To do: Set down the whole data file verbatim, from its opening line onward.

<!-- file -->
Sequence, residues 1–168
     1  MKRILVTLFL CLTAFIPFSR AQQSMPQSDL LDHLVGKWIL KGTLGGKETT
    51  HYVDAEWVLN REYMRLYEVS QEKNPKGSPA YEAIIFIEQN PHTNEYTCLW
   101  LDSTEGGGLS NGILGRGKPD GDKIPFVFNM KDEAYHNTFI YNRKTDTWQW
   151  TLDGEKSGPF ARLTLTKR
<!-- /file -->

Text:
Sequence, residues 1–168
     1  MKRILVTLFL CLTAFIPFSR AQQSMPQSDL LDHLVGKWIL KGTLGGKETT
    51  HYVDAEWVLN REYMRLYEVS QEKNPKGSPA YEAIIFIEQN PHTNEYTCLW
   101  LDSTEGGGLS NGILGRGKPD GDKIPFVFNM KDEAYHNTFI YNRKTDTWQW
   151  TLDGEKSGPF ARLTLTKR